Though traveling can be exhausting and physically demanding in and of itself, there are always those select few who feel the need to push the envelope and maintain their exercise regime while meandering across the globe. Runners generally fit into this category. Partly because there is nothing simpler than throwing your running shoes on and hitting the road and partly because, let’s face it, they’re addicts. Call it runner’s high, blame it on a loss of brain cells over the years, or obsession. Whatever. Runners need their fix and living out of a suitcase isn’t enough of an excuse to hang up the running shoes for a few weeks.
Respect the Dress Code
Look, I love my spandex running shorts as much as the next person, but sometimes it’s better to leave those bad boys in the suitcase. While hanging out in the Middle East, East Africa, and North Africa, I busted out my running shoes for some early morning runs, but I wore loose pants and a long-sleeved shirt. In other areas, I wore exactly what I would running along the beach at home. Generally, it’s best to ask your host or someone from the area on their opinion and what they would deem appropriate. After they’ve stopped looking at you like you’re insane, they’ll be able to offer some tips on what’s appropriate.
Take a Map and other Necessities
I have a bad habit of just setting off without any idea of where I’m going or where I’m supposed to find my way back to. And that, gentle readers, is how one transforms a 30 minute run into a two hour expedition through Paris. Take a map, write the address and phone number down of wherever you’re staying, and probably a pretty good idea to throw an ID and a little bit of cash in case you amble too far and need to take a bus back, which you can conveniently hide in one of hidden pockets of the Wristsafe sweat band shown on the right. Also useful if you need sustenance. My runs always go better when I stop for a cappuccino and a croissant.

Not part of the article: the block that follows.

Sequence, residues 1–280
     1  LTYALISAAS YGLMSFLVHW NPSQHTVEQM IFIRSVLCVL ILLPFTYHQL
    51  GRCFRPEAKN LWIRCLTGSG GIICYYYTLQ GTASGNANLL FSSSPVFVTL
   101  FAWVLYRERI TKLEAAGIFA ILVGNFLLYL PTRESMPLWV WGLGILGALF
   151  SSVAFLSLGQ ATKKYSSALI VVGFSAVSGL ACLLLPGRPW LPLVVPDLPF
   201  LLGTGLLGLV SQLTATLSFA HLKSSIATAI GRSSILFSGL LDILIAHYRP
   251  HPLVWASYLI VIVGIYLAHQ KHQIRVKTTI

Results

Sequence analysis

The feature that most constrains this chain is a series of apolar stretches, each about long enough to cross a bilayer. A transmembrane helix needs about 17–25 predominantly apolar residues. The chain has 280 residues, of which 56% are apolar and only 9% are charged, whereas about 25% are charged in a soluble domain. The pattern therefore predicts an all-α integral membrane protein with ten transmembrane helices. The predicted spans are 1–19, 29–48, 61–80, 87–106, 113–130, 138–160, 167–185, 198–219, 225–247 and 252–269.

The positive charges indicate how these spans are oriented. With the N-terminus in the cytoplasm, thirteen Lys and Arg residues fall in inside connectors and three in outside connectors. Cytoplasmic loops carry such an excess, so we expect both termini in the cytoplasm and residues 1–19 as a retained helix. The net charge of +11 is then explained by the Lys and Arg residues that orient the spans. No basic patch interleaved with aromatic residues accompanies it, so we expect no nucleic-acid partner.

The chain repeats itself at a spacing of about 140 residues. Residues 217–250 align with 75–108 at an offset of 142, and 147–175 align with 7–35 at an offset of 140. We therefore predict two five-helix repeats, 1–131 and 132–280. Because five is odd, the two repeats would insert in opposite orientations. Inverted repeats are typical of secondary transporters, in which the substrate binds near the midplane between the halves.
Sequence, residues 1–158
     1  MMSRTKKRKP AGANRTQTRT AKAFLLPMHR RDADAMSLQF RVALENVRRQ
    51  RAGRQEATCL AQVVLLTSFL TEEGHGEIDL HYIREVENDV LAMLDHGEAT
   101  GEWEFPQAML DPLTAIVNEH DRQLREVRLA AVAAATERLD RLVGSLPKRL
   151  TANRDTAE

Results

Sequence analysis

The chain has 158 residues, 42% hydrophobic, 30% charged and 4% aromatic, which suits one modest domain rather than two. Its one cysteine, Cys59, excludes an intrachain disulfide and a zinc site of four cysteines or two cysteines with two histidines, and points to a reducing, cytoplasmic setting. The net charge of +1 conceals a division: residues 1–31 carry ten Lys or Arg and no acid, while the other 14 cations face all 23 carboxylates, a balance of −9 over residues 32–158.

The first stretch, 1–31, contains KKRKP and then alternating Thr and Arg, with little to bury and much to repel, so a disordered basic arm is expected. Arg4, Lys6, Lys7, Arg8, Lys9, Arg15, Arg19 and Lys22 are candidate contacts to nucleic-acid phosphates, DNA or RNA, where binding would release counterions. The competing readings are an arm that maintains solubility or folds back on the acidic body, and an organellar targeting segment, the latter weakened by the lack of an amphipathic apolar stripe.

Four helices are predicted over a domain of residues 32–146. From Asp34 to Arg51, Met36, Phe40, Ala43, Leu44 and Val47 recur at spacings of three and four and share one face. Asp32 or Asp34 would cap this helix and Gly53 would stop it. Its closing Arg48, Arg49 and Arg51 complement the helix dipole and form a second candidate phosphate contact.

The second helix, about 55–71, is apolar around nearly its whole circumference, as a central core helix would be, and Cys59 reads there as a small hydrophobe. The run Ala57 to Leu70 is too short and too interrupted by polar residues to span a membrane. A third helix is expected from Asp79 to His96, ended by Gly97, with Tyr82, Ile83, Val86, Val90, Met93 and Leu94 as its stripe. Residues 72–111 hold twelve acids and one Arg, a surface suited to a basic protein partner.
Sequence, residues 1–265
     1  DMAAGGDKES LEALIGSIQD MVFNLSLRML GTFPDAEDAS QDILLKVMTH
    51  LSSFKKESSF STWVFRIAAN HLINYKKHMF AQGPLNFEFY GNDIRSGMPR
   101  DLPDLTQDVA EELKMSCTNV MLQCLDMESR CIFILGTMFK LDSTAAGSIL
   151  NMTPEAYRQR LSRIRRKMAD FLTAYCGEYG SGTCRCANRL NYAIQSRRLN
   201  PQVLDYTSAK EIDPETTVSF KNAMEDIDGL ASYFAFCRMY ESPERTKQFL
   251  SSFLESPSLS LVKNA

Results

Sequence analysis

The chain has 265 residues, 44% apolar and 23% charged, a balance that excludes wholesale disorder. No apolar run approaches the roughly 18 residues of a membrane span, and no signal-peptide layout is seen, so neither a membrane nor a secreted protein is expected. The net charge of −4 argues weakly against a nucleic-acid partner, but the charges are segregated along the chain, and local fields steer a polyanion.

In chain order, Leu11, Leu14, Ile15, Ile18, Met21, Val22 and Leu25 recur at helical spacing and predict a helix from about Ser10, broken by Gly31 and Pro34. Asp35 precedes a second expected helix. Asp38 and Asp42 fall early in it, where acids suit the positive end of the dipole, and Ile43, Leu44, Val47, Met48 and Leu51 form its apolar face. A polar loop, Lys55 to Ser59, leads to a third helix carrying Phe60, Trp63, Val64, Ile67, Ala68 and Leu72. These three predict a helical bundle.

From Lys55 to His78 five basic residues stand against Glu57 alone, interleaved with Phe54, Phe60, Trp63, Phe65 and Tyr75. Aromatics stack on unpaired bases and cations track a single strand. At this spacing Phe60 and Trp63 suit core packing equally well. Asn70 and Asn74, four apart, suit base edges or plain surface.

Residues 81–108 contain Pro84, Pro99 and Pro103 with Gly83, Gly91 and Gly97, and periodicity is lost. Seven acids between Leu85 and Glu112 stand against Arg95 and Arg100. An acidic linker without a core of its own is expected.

I don’t worry about this so much when I’m going for a run in Rome or DC, but in rural or more remote areas, it’s always a good idea to let someone know when you’re setting off for a run or any adventure really. I always like to let my host know that I’m setting off for a bit, where I’m intending to go, and when to expect me back. If you’re staying in a hotel and you feel comfortable informing the concierge, then do so. Otherwise leave a note. Yeah, I know, that sounds like a little much, but since I tend to take this precaution at home, I like to do it abroad as well. If you get lost, sprain an ankle, or get eaten by a bear, people will know to look for you when you’re not back at the expected hour.
Know the Road Rules
Make sure you’re looking the right way when you cross the street in the UK or anywhere else that has adopted its traffic laws, stay off the bike paths in Germany, and watch out for the motorbikes in Uganda. Just saying.
Look Up a Local Running Club
Don’t want to run alone? Want to meet some locals or see a new side of the city or town you’re staying in? Look up a local running club. If you’re in a major city, try searching for the local Hash House Harriers group. Never heard of them? Their slogan is “alcoholics with a running problem.” If you’re standing in the middle of a busy city and you see a bunch of runners come storming through in ridiculous costumes and wielding beers, 9 times out of 10, it’s the hash hour harriers. The rest of the time, it just means you’re in San Francisco.